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Eruvin 25

ERUVIN 25 - sponsored by a generous grant from an anonymous donor. Kollel Iyun Hadaf is indebted to him for his encouragement and support and prays that Hashem will repay him in kind.


OPINIONS: The Gemara suggests a number of ways to permit carrying inside of a Karpaf which is larger than Beis Se'asayim. One of the ways is to build a new fence inside the Karpaf, at least four Tefachim away from the old fence, with the express purpose of fencing in the Karpaf for residential purposes. How long does this new fence have to be? Does it have to go around the entire Karpaf, or just along one side, or less?
(a) The RITVA explains that the new fence must run the entire length of one side of the Karpaf in order for the entire Karpaf to be considered Hukaf l'Dirah. If it is less than the length of the fence that it is "replacing," it serves no purpose. The area between it and the old fence is still usable (since the new fence does not cut it off from the Karpaf by reaching all the way to the ends of the old one, cutting it off from the Karpaf) veritably and the old fence still serves to enclose the Karpaf (BI'UR HALACHAH OC 358:6).

(b) The ROSH (2:4) says that the new fence must only be longer than ten Amos. It does not have to be as long as the side which it is enclosing. The Rosh's reasoning is based on the Gemara earlier (24a) which says that it is sufficient to permit carrying in a Karpaf by breaking down ten Amos of the old fence and rebuilding ten Amos with intent to enclose the area for residential purposes. We see from there that erecting just *ten Amos* of a new fence is considered sufficient to make the Karpaf enclosed for residential purposes. (That is, he holds that by building a fence ten Amos long alongside the old fence, it is considered as though one has re-fenced that section. The area between the old fence and the new fence is a separate Karpaf entirely, which is joined to the first by the gap between the end of the new fence and the end of the old fence.)

HALACHAH: The SHULCHAN ARUCH (OC 358:6) rules like the Rosh and says that as long as the new fence is longer than ten Amos, the Karpaf is considered Hukaf l'Dirah. The BI'UR HALACHAH adds that the new fence must be built within ten Amos from the old fence. (This is consistent with the reasoning of the Rosh, according to whom the gap between the end of the new fence and the end of the old fence is an entranceway joining two Karpafs. If the gap would be greater than ten Amos, it would be considered a breach and not an entranceway. We would have to view the area as one large Karpaf, ignoring the new fence.)
OPINIONS: Rav and Shmuel argue whether the principle of "Pi Tikrah Yored v'Sosem" ("the edge of a roof-beam descends and encloses") applies to an awning covering part of a valley (which is less than Beis Se'asayim). What is the case in which they argue?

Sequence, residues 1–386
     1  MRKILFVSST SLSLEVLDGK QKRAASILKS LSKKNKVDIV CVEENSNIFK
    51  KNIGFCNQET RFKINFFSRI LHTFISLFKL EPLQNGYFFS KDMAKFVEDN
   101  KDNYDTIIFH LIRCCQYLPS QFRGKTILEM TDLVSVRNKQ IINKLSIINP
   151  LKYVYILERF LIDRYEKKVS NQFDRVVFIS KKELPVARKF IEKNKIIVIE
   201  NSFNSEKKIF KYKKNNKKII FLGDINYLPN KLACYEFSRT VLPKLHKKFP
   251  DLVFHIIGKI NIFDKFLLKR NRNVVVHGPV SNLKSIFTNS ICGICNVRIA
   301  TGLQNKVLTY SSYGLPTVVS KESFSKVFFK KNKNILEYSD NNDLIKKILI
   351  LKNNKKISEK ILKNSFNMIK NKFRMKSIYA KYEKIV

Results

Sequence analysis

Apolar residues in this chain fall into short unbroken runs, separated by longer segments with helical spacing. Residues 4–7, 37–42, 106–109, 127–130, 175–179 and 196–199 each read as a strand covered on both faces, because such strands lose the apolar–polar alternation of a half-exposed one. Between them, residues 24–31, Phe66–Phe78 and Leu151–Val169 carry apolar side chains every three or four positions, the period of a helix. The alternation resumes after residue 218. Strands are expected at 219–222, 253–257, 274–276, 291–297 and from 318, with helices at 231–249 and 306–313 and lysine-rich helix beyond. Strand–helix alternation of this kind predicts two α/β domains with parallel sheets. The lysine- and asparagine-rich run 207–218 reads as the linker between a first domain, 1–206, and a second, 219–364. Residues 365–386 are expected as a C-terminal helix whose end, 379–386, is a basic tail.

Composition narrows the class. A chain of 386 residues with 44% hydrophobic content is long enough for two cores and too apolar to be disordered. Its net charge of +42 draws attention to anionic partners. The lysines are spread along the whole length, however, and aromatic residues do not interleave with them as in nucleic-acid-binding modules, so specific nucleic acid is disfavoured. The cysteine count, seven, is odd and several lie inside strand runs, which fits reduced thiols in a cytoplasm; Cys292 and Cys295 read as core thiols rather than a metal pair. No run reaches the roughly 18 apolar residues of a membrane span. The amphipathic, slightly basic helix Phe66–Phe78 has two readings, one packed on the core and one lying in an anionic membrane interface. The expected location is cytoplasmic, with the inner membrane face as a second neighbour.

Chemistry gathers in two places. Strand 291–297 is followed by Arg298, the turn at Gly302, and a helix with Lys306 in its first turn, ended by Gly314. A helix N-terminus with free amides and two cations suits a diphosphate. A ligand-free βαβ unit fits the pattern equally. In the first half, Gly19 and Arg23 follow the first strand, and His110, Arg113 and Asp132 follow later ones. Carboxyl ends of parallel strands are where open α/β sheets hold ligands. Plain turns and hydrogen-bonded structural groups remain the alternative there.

(a) RASHI says that they argue only regarding a case where there are *four* open sides to this awning (that is, it is merely a roof placed above four poles). If even one side has a real Mechitzah, then everyone agrees that "Pi Tikrah Yored v'Sosem."

(b) TOSFOS in the name of RABEINU TAM explains that the argument is when there are *two or three* Mechitzos. If there is only one Mechitzah, everyone agrees that "Pi Tikrah..." does not apply, and if the awning has more than three Mechitzos (such as three and a half), everyone agrees that "Pi Tikrah Yored v'Sosem."

QUESTION: Whether we understand the argument the way Rashi explains or the way Tosfos explains, how is it ever possible to apply the rule of "Pi Tikrah Yored v'Sosem?" Since there is no Mechitzah on the side where we are viewing the roof-beam to descend and enclose the area, the area is exposed and young goats are able to pass through it ("Gedi'in Bok'in Bo"). Whenever there is a gap off of the ground more than three Tefachim, "Gedi'in Bok'in Bo" prevents that area from being viewed as closed by a Mechitzah. Why, then, do we say that the edge of the roof-beam descends to form a Mechitzah despite the three Tefach gap under it?

ANSWER: Gedi'in Bok'in Bo does not invalidate a Mechitzah all the time. When a hanging Mechitzah is 10 Tefachim high, and the normal law of "Gud Achis" is used to extend it to the ground, Gedi'in Bok'in Bo prevents Gud Achis from extending it to the ground. However, when an area is covered and the law of Pi Tikrah is used, although it is working through the same principle as Gud Achis, Gedi'in Bok'in Bo does not prevent it from extending to the ground. (RITVA, 14a and 17b)

The logical grounds for this difference may be as follows. In order for a wall to be viewed as complete, it must serve not only as a wall, but it must serve as an indicator of a separate Reshus (i.e., act as a 'Heker'). If a ten-Tefach tall Mechitzah is raised more than three Tefachim, "Gedi'in Bok'in Bo" invalidates it because it does not serve its purpose of indicating that the area inside is separate from the area outside. However, when a roof-beam is viewed as descending to form a Mechitzah, the roof serves to indicate that the entire area under it is separate from the area outside. Therefore the presence of animals walking through the area is irrelevant. (M. Kornfeld)


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